The porch on the front of the house was not originally enclosed. It doesn’t have a basement under it (who knows how it is supported), and it has sagged and settled over the years. Its roof sank in the middle, causing the internal gutter to pitch backwards. Little rain reached the downspout at the very front of the roof, and during heavy rains, most water overflowed onto our heads as we walked up the sidewalk to the front door.
I had walked on the roof several times to clear out gutters and downspouts and inspect the second floor gutter, and noticed that the roof felt rather spongy in places, so I was expecting this to be a major job.
Our objective for the porch was to repair the damaged spots and cosmetically fix the roof to create a straighter appearance. Ideally, we would also pitch the roof for a sensible downspout location.
After tearing off the old shingles, we could inspect the damaged roof.
With the shingles off, the rotten sections were removed.
Carpenters came in to repair it, which involved replacing the rotten sections and sistering the sunken rafters to restore proper pitch.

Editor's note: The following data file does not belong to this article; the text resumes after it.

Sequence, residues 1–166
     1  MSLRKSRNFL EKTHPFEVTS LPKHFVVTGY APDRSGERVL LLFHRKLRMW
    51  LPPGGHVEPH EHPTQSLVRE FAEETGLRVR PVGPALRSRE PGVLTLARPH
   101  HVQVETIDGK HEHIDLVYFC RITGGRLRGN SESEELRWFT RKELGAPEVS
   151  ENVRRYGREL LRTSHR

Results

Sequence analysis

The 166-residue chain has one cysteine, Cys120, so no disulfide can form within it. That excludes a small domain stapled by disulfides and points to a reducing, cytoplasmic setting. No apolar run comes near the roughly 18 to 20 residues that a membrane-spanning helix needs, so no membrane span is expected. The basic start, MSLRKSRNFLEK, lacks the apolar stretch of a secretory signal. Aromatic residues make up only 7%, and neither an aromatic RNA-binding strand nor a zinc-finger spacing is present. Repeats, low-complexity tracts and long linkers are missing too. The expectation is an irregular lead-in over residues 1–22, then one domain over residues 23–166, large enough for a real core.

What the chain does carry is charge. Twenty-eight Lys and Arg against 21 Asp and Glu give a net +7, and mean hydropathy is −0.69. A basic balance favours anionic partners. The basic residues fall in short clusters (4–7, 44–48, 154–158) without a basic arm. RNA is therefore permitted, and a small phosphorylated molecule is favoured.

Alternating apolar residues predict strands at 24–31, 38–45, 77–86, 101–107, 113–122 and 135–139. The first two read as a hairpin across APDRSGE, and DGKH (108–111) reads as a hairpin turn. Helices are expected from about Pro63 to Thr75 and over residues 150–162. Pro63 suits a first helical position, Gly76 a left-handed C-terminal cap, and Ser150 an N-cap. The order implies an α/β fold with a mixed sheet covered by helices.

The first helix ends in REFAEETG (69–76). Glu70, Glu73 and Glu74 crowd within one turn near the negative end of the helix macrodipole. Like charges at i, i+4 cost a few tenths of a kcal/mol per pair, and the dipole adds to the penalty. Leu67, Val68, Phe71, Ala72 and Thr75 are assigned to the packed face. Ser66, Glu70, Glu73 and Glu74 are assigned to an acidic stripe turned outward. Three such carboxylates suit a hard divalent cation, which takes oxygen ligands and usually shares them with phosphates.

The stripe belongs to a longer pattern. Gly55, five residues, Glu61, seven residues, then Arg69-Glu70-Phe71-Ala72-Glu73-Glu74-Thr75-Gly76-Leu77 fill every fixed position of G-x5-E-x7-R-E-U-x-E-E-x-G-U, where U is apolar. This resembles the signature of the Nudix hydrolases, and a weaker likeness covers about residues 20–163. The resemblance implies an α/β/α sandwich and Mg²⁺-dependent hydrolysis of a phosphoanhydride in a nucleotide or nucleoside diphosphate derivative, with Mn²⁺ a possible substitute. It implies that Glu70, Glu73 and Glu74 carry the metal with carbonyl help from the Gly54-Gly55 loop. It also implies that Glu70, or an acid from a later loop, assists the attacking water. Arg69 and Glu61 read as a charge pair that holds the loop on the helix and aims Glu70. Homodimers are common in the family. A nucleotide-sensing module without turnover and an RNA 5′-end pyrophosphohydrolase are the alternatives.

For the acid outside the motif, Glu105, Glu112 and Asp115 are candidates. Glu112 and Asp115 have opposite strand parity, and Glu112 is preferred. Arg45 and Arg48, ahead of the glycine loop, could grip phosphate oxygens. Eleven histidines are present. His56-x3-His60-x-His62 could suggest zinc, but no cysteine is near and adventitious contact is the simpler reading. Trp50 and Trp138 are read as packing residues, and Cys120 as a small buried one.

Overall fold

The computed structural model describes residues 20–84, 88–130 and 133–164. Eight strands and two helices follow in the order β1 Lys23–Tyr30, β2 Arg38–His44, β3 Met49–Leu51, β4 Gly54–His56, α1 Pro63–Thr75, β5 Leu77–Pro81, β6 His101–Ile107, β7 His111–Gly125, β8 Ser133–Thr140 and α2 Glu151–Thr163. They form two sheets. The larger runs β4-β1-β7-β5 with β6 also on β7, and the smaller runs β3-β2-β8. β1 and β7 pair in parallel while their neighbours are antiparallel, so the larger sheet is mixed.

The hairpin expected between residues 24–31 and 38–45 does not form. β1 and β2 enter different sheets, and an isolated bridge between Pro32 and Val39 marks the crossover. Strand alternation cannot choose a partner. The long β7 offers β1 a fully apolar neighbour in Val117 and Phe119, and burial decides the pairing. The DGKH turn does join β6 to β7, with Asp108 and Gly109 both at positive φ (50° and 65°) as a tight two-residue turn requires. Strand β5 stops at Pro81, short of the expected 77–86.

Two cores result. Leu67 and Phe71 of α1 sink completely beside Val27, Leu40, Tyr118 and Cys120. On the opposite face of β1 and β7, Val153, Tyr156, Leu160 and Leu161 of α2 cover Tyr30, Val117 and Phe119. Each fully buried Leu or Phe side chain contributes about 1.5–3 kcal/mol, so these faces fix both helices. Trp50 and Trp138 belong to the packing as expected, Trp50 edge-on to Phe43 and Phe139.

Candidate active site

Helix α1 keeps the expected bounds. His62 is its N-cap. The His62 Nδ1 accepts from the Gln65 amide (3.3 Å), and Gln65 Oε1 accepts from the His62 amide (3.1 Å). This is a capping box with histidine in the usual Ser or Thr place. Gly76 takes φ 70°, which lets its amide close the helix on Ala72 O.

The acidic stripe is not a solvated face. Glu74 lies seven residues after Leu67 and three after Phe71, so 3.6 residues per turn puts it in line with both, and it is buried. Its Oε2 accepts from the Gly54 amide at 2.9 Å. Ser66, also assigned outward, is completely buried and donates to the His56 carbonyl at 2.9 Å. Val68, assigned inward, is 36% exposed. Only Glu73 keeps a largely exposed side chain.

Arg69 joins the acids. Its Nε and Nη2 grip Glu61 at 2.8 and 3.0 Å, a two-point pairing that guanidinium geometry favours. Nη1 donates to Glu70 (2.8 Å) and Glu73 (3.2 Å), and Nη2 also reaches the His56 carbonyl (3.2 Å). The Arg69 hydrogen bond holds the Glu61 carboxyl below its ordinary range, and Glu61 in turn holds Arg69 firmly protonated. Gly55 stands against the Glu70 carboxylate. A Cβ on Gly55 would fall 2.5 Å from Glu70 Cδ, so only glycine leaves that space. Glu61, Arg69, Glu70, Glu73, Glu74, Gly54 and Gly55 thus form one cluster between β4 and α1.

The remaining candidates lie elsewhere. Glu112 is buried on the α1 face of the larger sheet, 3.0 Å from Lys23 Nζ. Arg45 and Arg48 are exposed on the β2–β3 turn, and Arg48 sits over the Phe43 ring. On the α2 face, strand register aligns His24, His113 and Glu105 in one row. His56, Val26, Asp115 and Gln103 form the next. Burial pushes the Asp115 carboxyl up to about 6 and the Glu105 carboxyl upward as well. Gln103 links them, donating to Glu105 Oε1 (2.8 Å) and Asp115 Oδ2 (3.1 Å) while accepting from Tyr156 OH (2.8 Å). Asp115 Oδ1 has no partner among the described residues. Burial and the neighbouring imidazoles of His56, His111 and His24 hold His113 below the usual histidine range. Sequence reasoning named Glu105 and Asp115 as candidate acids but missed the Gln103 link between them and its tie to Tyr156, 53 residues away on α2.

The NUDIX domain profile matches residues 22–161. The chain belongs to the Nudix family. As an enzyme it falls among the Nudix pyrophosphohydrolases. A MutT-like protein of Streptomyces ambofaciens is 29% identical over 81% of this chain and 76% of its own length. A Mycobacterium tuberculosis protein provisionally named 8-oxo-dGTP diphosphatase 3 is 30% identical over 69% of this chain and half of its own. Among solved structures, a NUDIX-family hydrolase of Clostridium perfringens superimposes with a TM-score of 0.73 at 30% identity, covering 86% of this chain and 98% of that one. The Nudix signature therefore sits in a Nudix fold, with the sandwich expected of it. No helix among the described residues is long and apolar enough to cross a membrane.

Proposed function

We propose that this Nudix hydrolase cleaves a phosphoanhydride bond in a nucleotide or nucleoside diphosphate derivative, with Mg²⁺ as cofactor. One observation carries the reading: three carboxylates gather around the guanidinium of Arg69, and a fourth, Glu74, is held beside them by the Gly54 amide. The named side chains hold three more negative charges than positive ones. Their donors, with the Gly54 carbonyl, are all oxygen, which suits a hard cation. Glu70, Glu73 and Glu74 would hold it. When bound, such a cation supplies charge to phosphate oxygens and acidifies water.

It was a lot of work, but worth it. The aesthetic is greatly improved, and rain no longer pools in the sunken part and drains properly to the downspout location at the very front end of the roof.
Next up was gutter construction. With the aluminum cladding removed, the state of the wood was revealed, and it wasn’t a pretty sight. As expected, it would all need to be removed and rebuilt.
It also became apparent that the flat roof over the front door had dropped, so they jacked it up to repair it. Below are the temporary supports.
This precarious stack of scrap wood supported the flat roof during the repair.
Repairs proceeded slowly over the course of a week, one section at a time.
With the flat roof brought back to level, the kitchen soffit trim could finally be finished.
Below is the partially rebuilt flat roof.
Fascia trim for the repaired flat roof installed.
Each day, another section of the fascia was painstakingly installed.
And the finished product, ready to finish the copper gutters and shingle!
While the outside line of the eave is now straightened, it is mostly cosmetic. If you look carefully at the stucco eave, where the stucco hits the trim, you can see the unevenness.